Ah, memories, and thrown chalk and board rubbers. The best teachers weren’t necessarily the the ones you would expect. I was punished several times by being made to sand down and evarnish desks.

      Like

      Reply
      1. beatingthebounds

        I once commented to a class about not being allowed to throw things. I taught some of the same students four years later and they still remembered my offhand comment – they thought the idea of a teacher throwing things so outlandish. How times have changed.

        Liked by 1 person

  2. Laurie Graves

    Ah, the good old days. After reading your post, I realized that there are some things better about today’s schools. I, too, went to a school where kids were shaken and hit. I’m not sure about thrown to the floor. I do remember seeing a fist fight between a student and one of the teachers. The student had been in eighth grade—the highest grade before high school—a year or two longer than he should have.

    Liked by 1 person

    Reply
    1. Lavinia Ross

      A relative of mine was beaten up by a teacher and made to eat chalk in front of the other kids. Glad things have changed over the years. Too bad we can’t keep the best of the old ways along with the best of the new and discard the rest.

      Liked by 2 people

      Reply
  3. Clare Pooley

    We weren’t allowed to use pens in my primary school. My grammar school still had inkwells in the desks and during my first year there they were still being filled from large bottles kept in the stationery cupboard. After that first year we were allowed to bring our own ink or use cartridge pens and the school stopped providing ink. Shortly after that, we all started using biros because they were cheaper and the school couldn’t do much about it.
    I still write a fair amount. I keep a diary and write all the usual lists that you mentioned. I also still write letters to a few friends and acquaintances.

    Liked by 2 people

    Reply
    1. quercuscommunity Post author

      We were actually issued with biros at the Lincolnshire village school (despite my comments on Victorianism) but we were only allowed to use them in certain lessons. From 1966, when we moved to Peterborough I don’t recall ever using a dip pen again, though I did have several fountain pens. Strange how different areas had different systems. My parents kept some of my old school work, and that shows I used a lot of pencils too – though apart from the sharpener on the teacher’s desk I don’t remember much about them.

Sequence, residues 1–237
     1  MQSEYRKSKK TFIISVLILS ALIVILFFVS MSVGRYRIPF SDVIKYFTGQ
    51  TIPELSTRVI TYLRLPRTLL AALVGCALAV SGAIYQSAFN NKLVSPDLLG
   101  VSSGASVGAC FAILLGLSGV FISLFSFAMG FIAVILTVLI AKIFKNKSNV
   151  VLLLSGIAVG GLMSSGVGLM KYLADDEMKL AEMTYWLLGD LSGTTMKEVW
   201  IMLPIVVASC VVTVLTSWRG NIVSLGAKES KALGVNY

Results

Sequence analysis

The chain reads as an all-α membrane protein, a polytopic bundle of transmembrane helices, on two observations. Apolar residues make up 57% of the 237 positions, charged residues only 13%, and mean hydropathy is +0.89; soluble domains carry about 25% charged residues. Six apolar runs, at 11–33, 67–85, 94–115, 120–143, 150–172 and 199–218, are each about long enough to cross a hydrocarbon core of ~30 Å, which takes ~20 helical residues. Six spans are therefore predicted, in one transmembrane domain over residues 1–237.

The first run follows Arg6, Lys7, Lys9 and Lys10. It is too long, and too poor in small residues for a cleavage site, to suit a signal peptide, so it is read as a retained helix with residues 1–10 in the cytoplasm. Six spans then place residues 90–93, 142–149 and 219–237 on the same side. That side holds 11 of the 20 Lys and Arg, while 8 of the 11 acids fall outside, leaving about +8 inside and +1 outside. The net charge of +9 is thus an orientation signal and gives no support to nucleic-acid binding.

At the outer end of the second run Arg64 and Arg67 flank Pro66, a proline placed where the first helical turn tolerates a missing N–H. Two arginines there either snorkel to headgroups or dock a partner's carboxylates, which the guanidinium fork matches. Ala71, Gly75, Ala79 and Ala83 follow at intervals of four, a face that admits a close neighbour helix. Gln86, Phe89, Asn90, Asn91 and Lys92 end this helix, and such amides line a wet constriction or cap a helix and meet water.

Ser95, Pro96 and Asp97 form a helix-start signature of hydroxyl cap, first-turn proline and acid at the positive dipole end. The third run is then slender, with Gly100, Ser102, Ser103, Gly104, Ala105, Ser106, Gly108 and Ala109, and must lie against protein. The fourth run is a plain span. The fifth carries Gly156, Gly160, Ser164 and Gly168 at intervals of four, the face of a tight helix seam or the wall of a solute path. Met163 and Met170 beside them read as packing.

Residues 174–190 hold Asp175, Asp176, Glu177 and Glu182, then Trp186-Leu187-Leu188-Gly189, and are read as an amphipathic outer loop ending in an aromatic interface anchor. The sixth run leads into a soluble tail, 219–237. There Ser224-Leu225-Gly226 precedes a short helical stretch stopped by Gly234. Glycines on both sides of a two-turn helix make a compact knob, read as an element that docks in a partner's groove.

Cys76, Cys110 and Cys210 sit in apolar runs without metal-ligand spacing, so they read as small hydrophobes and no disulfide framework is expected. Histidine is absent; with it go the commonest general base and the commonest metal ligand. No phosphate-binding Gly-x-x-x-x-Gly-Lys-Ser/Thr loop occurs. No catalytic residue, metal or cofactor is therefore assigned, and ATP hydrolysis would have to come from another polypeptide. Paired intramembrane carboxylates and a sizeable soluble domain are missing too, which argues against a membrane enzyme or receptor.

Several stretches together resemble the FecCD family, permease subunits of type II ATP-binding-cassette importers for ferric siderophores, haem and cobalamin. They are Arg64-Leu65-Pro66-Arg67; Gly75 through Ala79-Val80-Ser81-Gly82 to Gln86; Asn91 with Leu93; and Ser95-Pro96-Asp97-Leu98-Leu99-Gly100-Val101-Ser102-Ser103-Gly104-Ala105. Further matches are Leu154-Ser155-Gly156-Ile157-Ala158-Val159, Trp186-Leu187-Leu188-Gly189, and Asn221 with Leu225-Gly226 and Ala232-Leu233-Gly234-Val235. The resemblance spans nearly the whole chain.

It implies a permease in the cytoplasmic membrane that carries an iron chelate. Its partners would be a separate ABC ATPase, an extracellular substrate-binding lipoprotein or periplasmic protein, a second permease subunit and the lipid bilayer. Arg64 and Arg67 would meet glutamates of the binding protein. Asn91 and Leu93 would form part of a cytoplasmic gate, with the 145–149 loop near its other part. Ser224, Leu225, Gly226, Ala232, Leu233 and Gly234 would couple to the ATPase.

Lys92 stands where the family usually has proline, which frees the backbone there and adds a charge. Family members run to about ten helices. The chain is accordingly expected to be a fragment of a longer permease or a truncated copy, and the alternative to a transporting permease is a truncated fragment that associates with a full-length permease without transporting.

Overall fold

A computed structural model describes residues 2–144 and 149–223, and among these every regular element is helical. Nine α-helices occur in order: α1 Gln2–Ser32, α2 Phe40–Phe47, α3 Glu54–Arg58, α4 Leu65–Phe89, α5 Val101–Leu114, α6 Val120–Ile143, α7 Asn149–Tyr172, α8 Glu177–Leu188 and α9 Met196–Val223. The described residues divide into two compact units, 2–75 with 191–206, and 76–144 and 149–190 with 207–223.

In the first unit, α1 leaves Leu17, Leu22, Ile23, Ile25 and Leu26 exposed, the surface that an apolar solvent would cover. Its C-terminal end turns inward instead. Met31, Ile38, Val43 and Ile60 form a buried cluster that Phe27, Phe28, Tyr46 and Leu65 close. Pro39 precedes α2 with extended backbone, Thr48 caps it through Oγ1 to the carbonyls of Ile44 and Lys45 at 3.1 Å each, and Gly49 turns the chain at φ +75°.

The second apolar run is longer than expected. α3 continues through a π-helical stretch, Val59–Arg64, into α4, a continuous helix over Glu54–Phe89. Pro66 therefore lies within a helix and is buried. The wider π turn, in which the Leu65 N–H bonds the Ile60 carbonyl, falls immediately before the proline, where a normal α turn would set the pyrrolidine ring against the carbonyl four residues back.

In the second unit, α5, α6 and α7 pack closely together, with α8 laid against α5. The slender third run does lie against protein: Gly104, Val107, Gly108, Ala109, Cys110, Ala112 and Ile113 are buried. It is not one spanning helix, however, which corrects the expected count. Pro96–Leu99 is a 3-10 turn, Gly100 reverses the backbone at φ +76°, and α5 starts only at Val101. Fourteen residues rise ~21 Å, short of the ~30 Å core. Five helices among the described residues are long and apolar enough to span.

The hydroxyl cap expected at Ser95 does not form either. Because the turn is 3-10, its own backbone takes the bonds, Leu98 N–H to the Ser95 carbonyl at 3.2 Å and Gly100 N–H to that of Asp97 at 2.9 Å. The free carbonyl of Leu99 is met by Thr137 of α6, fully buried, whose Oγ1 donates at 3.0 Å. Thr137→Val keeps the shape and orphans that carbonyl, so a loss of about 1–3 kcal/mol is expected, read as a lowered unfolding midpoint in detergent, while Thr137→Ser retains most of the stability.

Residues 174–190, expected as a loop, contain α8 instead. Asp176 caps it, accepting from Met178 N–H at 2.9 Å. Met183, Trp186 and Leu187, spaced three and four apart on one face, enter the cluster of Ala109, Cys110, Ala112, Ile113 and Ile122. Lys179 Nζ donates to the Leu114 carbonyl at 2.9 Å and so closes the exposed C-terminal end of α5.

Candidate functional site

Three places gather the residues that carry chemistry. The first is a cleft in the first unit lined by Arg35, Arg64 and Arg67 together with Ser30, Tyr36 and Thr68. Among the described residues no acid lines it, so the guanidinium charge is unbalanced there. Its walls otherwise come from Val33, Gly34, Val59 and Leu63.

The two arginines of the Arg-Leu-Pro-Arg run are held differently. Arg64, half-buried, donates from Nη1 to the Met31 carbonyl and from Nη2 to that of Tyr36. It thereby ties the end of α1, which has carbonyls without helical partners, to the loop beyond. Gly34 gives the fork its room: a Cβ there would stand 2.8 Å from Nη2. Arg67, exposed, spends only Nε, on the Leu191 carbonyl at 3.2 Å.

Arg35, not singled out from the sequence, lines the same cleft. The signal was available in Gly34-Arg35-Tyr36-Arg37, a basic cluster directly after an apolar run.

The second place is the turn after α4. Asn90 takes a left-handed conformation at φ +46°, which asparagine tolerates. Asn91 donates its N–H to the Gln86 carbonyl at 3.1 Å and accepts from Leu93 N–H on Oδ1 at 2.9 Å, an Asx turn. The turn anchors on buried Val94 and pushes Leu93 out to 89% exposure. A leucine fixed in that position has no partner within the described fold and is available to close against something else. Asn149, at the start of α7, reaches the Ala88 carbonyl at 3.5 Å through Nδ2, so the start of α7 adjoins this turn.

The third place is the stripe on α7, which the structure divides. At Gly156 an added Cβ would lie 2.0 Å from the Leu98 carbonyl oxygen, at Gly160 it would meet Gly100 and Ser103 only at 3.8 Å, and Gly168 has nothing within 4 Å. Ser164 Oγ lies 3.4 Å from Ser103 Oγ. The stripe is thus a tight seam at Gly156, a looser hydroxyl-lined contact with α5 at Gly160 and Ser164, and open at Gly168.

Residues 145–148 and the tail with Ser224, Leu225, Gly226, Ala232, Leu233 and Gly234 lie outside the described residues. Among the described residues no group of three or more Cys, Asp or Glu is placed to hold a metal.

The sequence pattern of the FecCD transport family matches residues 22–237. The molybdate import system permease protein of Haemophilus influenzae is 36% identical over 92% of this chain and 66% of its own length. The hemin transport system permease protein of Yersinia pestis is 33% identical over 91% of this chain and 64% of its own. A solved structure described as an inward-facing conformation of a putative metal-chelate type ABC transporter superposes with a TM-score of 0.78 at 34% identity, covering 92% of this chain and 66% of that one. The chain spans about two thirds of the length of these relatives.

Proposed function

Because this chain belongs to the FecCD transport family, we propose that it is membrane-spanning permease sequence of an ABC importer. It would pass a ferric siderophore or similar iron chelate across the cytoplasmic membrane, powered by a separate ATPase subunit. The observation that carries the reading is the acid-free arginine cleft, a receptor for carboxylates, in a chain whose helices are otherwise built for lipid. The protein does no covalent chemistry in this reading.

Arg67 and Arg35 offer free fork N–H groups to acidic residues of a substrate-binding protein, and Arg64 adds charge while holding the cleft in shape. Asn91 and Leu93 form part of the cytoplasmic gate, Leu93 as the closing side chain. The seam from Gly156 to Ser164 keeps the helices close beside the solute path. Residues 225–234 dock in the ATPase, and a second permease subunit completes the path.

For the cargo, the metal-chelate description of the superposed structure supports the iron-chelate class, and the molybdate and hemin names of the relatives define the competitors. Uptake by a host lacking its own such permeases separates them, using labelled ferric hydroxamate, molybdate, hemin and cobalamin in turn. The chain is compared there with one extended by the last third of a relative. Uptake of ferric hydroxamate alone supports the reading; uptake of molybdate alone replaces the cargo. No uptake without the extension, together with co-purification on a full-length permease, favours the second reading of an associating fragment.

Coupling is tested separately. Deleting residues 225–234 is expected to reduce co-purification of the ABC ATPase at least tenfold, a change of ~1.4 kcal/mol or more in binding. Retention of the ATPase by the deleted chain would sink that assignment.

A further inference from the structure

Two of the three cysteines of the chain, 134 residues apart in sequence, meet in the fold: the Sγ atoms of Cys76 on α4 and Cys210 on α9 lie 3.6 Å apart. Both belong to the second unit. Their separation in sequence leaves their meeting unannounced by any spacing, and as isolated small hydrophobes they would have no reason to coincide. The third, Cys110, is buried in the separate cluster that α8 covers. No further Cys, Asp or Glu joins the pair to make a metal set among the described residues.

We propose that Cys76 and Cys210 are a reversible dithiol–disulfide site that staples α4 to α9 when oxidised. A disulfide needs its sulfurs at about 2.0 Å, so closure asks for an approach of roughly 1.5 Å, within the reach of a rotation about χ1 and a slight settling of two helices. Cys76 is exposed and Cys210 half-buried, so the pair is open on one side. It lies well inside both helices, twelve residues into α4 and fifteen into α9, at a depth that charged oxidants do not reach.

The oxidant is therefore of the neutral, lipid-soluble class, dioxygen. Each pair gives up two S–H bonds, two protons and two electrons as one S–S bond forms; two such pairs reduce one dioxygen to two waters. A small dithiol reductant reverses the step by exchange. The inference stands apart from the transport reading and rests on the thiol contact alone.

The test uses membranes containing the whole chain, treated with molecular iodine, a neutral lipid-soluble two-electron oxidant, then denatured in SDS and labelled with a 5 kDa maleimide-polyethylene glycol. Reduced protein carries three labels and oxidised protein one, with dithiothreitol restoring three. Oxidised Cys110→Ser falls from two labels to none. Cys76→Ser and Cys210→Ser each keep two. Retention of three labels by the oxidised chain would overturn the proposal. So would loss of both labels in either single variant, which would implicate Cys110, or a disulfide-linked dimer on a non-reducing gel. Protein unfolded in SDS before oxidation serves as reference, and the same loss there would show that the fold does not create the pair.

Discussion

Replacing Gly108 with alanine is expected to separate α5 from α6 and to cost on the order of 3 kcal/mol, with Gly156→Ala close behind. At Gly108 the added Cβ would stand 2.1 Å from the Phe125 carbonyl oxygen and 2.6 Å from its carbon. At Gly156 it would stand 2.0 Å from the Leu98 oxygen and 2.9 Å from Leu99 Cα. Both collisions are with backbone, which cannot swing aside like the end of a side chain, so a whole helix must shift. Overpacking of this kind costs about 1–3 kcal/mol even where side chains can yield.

Liked by 1 person

      Reply
  4. tootlepedal

    In my days if you were really good, you could get to go round and fill up the inkwells. I don’t think that I ever did it. I can quite sympathise with your handwriting problems. I expect to be arrested for fraudulent cheques as even my signature has grown indistinguishable. Mind you, my typing errors are flourishing.

    Liked by 1 person

    Reply
    1. quercuscommunity Post author

      I rely on spellcheckers to sort out my typing. When texting I tend to find my fingers, whilst too large for the touchscreen, are more accurate than tredictive text. As for being ink monitor, I’m with you in nver being picked.

      Like

      Reply

Leave a Reply

Fill in your details below or click an icon to log in:

WordPress.com Logo

You are commenting using your WordPress.com account. Log Out / Change )

Twitter picture

You are commenting using your Twitter account. Log Out / Change )

Facebook photo

You are commenting using your Facebook account. Log Out / Change )

Google+ photo

You are commenting using your Google+ account. Log Out / Change )

Connecting to %s